Gameplay: This is a video game, obviously. So no matter how much the writer in me wants to forever talk about the artistic qualities—yes, video games are art—of this game, the gameplay will always be a major part of how it is viewed. So, first off, Bioshock Infinite is a first person shooter. But not in the typical sense. In one hand is your weapon—you can carry two—and in the other are your 'Vigors', which, basically, are powers you gain from drinking special mixtures throughout the game. These Vigors are drawn from what is essentially a mana pool: a blue bar at the bottom of your screen which you keep full by consuming 'salts'. There is no shortage of choices for combat style, and the various pieces of gear you find can help shape that. From sniping at long distances, using Vigor traps to protect yourself to charging into battle with a shotgun in hand, using your Vigors to stun your enemies—there's something here for everyone.
The controls are rather simple to grasp for anyone who's ever picked up an FPS game before, but different enough that the experience is unique (and for the record, I have yet to play the first or second Bioshock games, so I cannot compare Infinite's controls to those of the first two). Weapon choices are simple and uncomplicated (unless you're a gun hoarder like me), and Vigor and weapon upgrades are easy to understand. There are plenty of minor details in the mechanics that are sure to please. For example, looting doesn't pause the game or interrupt dialogue; melee finishers are easy to accomplish and are worth doing, if only for the cinematics; and Elizabeth will constantly sling health, guns, and salts your way, accompanied by the quickly familiar shout of "Booker, catch!" The gameplay and controls, all in all, are fun without being over-complicated. It allows the game to tell its story, and you to have tons of fun experiencing it.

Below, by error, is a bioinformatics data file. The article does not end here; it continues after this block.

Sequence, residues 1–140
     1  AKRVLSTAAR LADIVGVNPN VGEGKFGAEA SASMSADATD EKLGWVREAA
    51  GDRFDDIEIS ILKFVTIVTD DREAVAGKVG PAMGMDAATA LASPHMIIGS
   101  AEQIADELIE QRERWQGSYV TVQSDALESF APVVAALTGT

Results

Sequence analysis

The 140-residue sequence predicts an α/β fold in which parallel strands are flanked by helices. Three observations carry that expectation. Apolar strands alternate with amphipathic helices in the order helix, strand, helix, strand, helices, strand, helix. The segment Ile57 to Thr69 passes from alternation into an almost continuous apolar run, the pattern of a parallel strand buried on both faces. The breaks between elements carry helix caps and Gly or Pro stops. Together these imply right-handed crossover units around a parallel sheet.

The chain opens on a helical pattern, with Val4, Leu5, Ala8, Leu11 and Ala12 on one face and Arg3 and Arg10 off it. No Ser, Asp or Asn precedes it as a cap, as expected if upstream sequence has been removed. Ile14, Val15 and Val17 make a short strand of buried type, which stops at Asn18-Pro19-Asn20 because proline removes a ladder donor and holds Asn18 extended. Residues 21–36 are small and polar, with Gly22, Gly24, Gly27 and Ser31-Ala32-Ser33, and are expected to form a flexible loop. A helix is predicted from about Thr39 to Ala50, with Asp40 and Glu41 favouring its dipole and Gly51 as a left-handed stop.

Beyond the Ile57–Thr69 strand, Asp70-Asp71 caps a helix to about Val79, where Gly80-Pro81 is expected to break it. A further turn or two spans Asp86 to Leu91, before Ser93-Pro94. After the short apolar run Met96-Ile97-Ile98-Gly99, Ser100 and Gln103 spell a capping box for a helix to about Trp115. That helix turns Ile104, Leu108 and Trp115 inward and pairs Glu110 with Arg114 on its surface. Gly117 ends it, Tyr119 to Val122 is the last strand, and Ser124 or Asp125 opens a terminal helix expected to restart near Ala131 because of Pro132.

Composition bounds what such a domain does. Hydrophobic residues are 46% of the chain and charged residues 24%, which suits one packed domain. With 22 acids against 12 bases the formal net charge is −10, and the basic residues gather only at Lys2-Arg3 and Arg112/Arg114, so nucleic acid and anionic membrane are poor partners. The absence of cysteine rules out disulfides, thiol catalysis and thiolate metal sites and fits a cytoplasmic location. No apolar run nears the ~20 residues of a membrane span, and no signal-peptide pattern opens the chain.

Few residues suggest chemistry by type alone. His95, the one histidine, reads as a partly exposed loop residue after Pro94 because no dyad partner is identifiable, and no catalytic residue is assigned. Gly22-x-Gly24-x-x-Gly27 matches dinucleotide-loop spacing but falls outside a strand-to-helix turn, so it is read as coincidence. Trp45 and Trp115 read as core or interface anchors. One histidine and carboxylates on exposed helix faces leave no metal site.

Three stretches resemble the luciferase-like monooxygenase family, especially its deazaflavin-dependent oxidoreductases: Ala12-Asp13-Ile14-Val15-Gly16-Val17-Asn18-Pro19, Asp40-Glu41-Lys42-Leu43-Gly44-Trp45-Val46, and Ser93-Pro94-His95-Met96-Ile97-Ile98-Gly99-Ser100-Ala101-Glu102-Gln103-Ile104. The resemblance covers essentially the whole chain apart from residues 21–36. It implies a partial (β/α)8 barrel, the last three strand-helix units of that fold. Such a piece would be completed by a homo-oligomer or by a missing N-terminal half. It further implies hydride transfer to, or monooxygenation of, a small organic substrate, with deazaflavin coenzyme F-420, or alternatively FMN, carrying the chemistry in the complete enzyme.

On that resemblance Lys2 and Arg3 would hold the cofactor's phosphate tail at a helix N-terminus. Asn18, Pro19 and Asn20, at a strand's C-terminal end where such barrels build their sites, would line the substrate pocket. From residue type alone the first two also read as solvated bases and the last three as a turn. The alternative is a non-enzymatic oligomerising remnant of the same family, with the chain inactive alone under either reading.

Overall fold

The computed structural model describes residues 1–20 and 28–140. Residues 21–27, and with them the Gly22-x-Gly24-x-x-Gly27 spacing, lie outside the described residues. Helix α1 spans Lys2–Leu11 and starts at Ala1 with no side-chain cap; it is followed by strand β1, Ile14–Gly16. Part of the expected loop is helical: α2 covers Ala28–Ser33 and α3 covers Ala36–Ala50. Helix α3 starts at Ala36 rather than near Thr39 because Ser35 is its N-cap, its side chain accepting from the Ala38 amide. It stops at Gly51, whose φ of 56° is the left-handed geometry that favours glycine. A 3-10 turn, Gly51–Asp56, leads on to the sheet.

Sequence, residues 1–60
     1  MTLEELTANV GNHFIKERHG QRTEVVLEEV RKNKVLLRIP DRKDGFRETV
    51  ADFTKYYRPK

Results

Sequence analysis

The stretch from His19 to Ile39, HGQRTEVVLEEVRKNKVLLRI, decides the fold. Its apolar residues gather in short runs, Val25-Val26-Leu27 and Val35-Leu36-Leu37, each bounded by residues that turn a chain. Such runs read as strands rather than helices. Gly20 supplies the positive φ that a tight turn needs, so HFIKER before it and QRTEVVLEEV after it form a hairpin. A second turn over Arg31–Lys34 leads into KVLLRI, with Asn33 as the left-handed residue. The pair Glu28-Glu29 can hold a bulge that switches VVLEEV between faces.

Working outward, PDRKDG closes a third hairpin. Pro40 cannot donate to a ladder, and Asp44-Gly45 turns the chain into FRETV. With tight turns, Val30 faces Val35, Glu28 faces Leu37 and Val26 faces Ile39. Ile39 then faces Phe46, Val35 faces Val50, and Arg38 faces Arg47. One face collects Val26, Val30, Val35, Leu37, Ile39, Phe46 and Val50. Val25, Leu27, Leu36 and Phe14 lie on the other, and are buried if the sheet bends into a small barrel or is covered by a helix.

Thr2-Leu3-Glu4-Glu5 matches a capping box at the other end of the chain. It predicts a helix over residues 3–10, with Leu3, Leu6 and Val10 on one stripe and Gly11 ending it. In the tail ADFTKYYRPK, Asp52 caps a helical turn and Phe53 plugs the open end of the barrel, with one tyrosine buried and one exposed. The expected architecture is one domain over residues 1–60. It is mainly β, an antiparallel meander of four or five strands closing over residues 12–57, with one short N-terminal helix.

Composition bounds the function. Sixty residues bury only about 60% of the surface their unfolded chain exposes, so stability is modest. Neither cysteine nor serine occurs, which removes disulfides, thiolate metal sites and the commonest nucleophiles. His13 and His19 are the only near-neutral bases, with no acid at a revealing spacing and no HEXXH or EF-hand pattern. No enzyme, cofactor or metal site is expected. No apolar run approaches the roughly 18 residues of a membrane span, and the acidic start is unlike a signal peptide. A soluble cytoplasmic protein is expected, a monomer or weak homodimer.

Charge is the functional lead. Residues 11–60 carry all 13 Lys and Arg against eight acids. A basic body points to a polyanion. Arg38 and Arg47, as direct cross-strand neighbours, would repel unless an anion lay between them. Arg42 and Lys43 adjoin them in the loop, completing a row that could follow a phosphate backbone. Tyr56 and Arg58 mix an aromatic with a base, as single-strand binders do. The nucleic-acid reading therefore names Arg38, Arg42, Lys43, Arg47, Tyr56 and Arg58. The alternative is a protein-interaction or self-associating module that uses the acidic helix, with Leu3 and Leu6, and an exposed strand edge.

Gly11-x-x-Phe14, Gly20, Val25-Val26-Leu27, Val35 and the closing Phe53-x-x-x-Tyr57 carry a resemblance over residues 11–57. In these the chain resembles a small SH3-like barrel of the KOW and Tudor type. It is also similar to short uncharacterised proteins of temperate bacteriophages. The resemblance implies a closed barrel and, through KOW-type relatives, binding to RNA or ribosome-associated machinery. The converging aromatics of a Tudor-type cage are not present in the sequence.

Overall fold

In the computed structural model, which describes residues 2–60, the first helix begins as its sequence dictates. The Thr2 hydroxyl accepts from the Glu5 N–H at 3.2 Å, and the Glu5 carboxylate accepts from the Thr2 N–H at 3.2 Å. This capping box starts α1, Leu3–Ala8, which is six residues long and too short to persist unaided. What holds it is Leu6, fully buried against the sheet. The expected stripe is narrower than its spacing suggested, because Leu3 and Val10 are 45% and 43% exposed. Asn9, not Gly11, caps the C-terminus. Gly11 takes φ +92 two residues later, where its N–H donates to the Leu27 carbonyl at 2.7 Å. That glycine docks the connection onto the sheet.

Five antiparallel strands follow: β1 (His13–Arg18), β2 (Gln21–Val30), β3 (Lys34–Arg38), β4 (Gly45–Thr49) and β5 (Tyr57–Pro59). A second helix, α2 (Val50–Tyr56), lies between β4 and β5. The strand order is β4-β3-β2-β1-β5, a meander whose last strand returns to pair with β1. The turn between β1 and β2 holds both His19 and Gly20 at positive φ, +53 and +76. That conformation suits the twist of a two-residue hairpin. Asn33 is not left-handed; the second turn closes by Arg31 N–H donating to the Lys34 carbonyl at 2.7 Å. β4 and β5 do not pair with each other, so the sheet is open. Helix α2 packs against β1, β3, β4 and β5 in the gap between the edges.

Setting: The city Columbia floats above the U.S. in hidden brilliance. It's truly captivating. Filled with 1912 style propaganda aplenty, its steampunk roots are undeniably present. Floating buildings and bits of road litter the sky and the sun blazes over and around the enormous statue of the angel Columbia on Monument Island. The gorgeous panorama of the city, specifically at the start of the game, takes your breath away. Fantastic minor details are everywhere, from the period clothing to the kinetoscopes that sporadically appear to the people chatting in the streets. As the game progresses and the city begins to change, the darker, crumbling version of Columbia is just as stunning as the bright, beautiful scenes from the earliest view. Absolutely amazing.